Sometimes, Elizabeth would say something to her husband, and he’d have a strong reaction, and she’d react to his reaction. Eventually she learned to instead practice the third mantra—“I know you suffer; that’s why I’m here for you”—by asking him, “Was it something I said? I really want to understand what happened. I’m sorry. I don’t mean to say or do things that are hurtful. If you let me know, I can understand how the things I say affect you.”
She also told me about one particular time during her stay in Plum Village. She was in the courtyard garden, harvesting the petals of rose blossoms that were just beginning to droop, to use for tea. A gardener came along and scolded Elizabeth for taking away flowers that were growing there for everyone to enjoy in the courtyard. Elizabeth said, “I’m not taking the fresh ones, only the fading ones.” But the gardener was not appeased. Elizabeth went to ask the advice of one of our nuns who she knew could help her understand. The sister shared with her that lately some other people had been picking flowers from the garden for their own use, and the gardener had a sensitivity about that. “Elizabeth,” the sister said, “you just bumped into his sensitivity.” After she heard that, Elizabeth was able to go to the gardener and practice the third mantra. She said, “I understand the situation better now, and I won’t touch the flowers in the courtyard if you prefer.” The gardener was getting ready to go away on a trip to Germany, and Elizabeth also practiced the first mantra—“I’m here for you”—by telling him that during his absence, she would water the roses and trim the rosehips for him.
Another friend recently shared that he was suffering a lot during a retreat. He chose to practice the fourth mantra—“I suffer; please help”—by sharing with his roommates that he didn’t need to talk about anything, just to be allowed space. This allowed his roommates to understand what was happening with him, not take it personally, and be more accepting when he wasn’t able to be there for them as they would like. It was beneficial to see what he needed and for him to ask for that support.
The Six Mantras are something that everyone can practice at home. Children can do them too. So often children feel powerless in the family. But with mindfulness, concentration, and practice of the Six Mantras, they have a tool. By saying a mantra with love and full presence, a child can change the situation—even a tense one—right away. It also gives parents a chance to use the language of love instead of authority when communicating with their children. This keeps communication alive between parents and children. When there’s no real communication in the family, both parents and children suffer. The practice of the Six Mantras is a way to use loving speech and deep listening to keep the door of communication open. With this kind of communication, we will understand each other better, and then our love will be true love because it will be based on understanding.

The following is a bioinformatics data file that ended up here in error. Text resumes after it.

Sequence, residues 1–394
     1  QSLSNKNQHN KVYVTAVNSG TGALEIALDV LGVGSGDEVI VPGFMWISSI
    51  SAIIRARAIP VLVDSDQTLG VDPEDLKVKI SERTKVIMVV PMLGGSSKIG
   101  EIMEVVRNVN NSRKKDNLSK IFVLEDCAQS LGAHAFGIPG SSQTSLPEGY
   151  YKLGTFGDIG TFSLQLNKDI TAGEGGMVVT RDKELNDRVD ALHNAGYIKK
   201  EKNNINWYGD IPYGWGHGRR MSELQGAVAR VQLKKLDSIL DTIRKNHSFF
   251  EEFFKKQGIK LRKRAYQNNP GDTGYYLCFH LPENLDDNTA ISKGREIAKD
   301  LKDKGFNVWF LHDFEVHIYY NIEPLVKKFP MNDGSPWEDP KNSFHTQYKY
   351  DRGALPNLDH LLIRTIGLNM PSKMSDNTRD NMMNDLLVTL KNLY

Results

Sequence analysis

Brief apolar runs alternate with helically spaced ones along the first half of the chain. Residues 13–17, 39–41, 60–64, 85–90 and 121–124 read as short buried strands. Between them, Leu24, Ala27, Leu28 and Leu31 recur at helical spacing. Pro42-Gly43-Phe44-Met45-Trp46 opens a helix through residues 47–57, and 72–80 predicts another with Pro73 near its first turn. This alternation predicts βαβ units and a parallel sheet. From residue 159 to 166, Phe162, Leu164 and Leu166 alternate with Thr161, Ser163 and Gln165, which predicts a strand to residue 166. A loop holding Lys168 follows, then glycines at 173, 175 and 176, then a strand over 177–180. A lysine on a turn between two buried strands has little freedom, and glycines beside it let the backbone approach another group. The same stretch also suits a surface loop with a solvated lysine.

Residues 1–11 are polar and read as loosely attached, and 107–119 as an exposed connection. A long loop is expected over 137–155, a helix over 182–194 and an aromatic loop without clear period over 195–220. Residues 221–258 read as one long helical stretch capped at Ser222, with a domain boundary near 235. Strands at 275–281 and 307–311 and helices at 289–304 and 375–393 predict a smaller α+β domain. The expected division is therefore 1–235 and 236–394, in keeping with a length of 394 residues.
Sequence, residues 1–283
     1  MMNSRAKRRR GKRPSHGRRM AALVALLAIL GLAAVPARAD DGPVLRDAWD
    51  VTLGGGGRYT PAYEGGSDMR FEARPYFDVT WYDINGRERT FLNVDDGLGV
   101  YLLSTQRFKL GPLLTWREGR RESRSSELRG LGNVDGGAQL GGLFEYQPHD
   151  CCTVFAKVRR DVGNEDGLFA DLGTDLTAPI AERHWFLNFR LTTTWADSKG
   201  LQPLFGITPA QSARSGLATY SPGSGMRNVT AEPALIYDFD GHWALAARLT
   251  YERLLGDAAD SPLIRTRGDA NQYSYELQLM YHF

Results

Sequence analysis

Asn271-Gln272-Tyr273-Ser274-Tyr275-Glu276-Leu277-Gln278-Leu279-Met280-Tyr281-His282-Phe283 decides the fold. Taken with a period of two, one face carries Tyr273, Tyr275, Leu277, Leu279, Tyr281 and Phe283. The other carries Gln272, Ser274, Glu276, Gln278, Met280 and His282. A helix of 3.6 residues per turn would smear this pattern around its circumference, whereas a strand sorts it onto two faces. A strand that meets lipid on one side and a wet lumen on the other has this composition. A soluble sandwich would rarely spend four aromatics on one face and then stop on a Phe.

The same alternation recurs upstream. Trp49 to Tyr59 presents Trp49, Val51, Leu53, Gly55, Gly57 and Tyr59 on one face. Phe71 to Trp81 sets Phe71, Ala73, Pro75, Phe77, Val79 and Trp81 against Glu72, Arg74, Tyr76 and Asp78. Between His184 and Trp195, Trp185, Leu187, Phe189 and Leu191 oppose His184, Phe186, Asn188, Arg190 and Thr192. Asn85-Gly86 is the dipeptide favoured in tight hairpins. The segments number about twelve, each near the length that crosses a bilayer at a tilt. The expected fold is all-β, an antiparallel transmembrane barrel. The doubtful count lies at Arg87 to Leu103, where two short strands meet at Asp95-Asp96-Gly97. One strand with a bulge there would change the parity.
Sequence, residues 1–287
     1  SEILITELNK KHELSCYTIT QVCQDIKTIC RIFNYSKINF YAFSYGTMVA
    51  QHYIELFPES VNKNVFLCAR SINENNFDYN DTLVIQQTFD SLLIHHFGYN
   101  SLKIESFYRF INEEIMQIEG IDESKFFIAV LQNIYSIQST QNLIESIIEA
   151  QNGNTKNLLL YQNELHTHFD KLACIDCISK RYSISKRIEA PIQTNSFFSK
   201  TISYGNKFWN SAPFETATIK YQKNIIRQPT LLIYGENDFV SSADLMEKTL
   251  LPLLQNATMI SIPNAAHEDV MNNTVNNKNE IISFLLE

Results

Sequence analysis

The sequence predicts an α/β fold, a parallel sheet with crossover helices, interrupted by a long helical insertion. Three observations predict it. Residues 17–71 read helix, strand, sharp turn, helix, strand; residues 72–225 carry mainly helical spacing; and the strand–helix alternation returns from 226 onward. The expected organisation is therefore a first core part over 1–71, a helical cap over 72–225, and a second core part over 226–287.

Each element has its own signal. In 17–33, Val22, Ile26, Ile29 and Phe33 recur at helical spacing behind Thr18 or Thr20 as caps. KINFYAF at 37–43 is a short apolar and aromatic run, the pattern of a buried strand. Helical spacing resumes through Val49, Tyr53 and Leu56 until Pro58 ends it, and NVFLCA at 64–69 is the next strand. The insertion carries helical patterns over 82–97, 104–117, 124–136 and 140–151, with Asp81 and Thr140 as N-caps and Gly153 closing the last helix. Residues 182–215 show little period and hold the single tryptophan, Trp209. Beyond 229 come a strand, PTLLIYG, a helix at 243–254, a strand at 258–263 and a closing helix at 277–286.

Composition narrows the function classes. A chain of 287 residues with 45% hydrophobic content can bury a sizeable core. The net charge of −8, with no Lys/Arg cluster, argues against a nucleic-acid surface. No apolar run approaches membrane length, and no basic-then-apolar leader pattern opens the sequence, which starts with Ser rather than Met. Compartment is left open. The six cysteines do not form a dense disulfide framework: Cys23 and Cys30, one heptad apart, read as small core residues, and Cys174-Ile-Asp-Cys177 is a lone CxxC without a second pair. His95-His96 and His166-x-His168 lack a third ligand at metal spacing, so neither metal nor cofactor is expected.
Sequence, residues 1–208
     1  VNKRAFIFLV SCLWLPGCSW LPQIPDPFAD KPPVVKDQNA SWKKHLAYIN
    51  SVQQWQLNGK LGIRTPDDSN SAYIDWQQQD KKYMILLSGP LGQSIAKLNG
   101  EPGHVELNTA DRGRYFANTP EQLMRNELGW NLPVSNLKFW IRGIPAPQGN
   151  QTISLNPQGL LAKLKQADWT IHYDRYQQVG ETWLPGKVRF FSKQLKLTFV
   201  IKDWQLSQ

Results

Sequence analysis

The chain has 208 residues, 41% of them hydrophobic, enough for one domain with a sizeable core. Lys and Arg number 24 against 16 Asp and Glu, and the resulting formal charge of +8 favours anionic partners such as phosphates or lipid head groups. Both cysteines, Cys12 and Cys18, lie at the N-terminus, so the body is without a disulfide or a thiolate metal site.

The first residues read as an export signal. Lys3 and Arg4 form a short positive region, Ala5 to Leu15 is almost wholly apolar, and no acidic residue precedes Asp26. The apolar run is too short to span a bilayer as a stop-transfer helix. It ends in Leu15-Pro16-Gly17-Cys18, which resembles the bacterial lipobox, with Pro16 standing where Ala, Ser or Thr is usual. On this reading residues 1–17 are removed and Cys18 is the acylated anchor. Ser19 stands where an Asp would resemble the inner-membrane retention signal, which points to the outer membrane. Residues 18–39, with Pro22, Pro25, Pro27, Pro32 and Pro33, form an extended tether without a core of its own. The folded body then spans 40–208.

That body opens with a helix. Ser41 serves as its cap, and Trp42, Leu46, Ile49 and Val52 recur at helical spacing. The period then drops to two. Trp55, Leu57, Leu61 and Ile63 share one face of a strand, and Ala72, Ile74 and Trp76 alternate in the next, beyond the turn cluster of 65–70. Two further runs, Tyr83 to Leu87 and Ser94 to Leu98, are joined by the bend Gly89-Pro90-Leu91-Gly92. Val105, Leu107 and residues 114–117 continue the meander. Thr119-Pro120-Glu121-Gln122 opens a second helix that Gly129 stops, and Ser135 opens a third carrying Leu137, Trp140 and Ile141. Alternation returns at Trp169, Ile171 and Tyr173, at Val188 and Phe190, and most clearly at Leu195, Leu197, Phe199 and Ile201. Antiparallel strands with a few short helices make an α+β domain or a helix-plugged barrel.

Bringing Compassionate Communication to Your Relationships
When you are able to use the Six Mantras with your loved ones, you will find that you are building a kind of home together. By listening compassionately to yourself, you have started to come home to yourself. With compassionate communication, you can help your loved ones come home to themselves. Your loved ones are also looking for home—for some warmth and a refuge. Once you have a home, you can help the other person. You are confident because you know how to connect with yourself and make a home for yourself. Your confidence can inspire others to do the same. They may find a home in you, and then lean on that to build a home in themselves.
You don’t need an iPhone to do this. You need your eyes, to look at them with compassion. You need your ears and your mouth to listen with compassion and speak mindfully. When your loved one is able to go back to himself or herself, then your relationship becomes a real relationship, because both of you feel at home in yourselves. Don’t be afraid to give your loved ones the space they need to listen to themselves. When you have enough space to listen to your own self, when you come together, you find a home in each other as well as in yourselves. There is a communal home for you to share. This becomes the base of all your relationships. If you want to help society, your community, your country, you have to have a home base. When you have a true home in yourself and in your home, you have happiness, safety, and fulfillment. Then you are in a position to go out and help create a more compassionate and loving community.
Chapter 5: When Difficulties Arise
Many of us suffer because our communication with other people is difficult. At work, for example, we often feel we have tried everything and there is no way to reach our colleagues. This is often true in families as well. We feel our parents, our siblings, or our children are too stuck in their ways. We think no real communication is possible.
Yet there are many ways to reconcile and to create openings for more compassionate communication.
Communicating When You’re Angry
One reason we have trouble communicating with others is that we often try to communicate when we are angry. We suffer, and we don’t want to be alone with all that suffering. We believe that we are angry because of something others did, and we want them to know it. Anger has urgency to it. We want to let others know right away what the problem with them is.